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Putting leaders on the couch

When INSEAD Professor Manfred Kets de Vries coaches leadership teams, he effectively puts them on the couch – treating them not so much as rational actors but as emotional ones.

A clinical professor of leadership development, Kets de Vries says “the autocratic leadership style doesn’t work so well any more in a knowledge society.”  Organisations are made up of people, he says, and he believes there’s a great deal of truth in the saying, “Fish start to smell from the head.”

“So if the top management creates a toxic environment that will have an effect on the rest of the organisation.”

Instead of just trying to examine and resolve pathological behaviour, Kets de Vries says his aim is to make leadership “a little more effective, maybe more humane, (so that) it might have a positive effect on the organisation.”

“Getting the best out of people, that’s what I try to do really,” he says. “I’m most intrigued by the best companies to work for and what you can do to create better organisations.”

Leadership as a team sport

 

Rather than coach on a one-to-one basis, Kets de Vries says he prefers group coaching or intervention as he sees leadership as a team sport. “Leadership style in Russia is very different from the leadership styles in Sweden or Singapore. They’re different things but it’s usually a team sport and I think the only important thing is to look at complementarity (of the different roles within a team).”

Along with a 360-degree feedback process, he makes use of a questionnaire which highlights eight different leadership styles. “When you work as a coach with a group of people, what happens is that some of the 600-pound gorillas – which are always somewhere there, particularly in a top executive team – may be discussed and talked about, as opposed to smelling up the place.”

Building trust to break down silos

“It also means you have to build trust and in the process people have a tendency to break down the silos – because particularly at the top management level, people have very silo-oriented behaviour. So people start to understand each other better and virtual teams start to work much better. It’s a very simple thing.”

“If you make this kind of intervention, have constructive conflict resolution, people are more accountable and in the end you get better results. So that’s what I try to do … (and that’s why) according to the feedback, they find it an extremely useful type of intervention.”

“I want to create a tipping point (to get people to take action). People usually know what they should do. They know they’re micromanagers, conflict-avoiders, abrasive but they don’t do anything about it, because there’s always some pleasure in it,” he says. “I have seen some very significant change take place if you really push people in the right direction.”

In search of 'authentizotic' organisations

In books such as Coach and Couch and The Leader on the Couch, Kets de Vries suggests that organisations should be, what he calls, ‘authentizotic.’ Based on the Greek words authenteekos (‘authentic’) and zoteekos (‘vital to life’), he says these are organisations in which “you really feel alive” and are a “flag to show these are the best companies to work for.”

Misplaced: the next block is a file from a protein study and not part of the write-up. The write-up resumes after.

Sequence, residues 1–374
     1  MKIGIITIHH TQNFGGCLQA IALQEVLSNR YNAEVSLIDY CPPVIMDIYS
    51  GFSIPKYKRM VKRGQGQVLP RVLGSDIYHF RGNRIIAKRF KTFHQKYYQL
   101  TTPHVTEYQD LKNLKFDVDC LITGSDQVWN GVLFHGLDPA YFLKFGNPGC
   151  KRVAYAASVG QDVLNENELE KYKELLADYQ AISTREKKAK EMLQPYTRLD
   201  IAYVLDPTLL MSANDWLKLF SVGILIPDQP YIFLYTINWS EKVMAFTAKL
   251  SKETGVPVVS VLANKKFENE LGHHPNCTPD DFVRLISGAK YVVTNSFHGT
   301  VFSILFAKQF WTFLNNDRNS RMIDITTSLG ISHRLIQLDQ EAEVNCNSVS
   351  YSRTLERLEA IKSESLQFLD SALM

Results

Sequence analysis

Too many organisations, he says, have ‘gulag qualities.’ Leaders nowadays need to realise that ‘the command, control, compartmentalisation organisation is a thing of the past.’ Kets de Vries continues in The Leader on the Couch: ‘To be successful, organisations need leaders who are able to present themselves as they are, who have confidence in combination with humility, and who are viewed by others as having integrity and being worthy of trust.’

Put simply, Kets de Vries says “the role of a leader is to get the best out of people, to really make people feel alive and not become automatons, which is too often the case and that is a waste of one’s life. You have only one life: make it an interesting journey.”

Narcissism and leadership

In The Leader on the Couch, Kets de Vries outlines a variety of different character traits or dispositions ranging from the abrasive to the antisocial. He also examines narcissism and leadership, singling out Jean-Marie Messier, the former CEO of Vivendi Universal, who turned a 150-year-old utility group into a ‘glamorous global media and telecommunications giant.’

In the book, Kets de Vries says Messier’s career mirrored the rise and fall of Gordon (‘Greed is good’) Gekko in the movie ‘Wall Street,’ adding that Messier’s ‘flight into grandiosity, vanity, and greed isn’t exceptional in the world of business, except in degree.’

But while narcissism or ‘self-love’ might become a problem if it becomes ‘severe’ or a pathology, narcissism in itself may not be all bad. ‘It’s generally agreed that a certain degree of narcissistic behaviour is essential for leadership success,’ Kets de Vries writes.

“We all need to be somewhat narcissistic,” he says. “It’s good for creativity and leadership. It’s a question of balance. My task is to keep sane people sane in insane places.”

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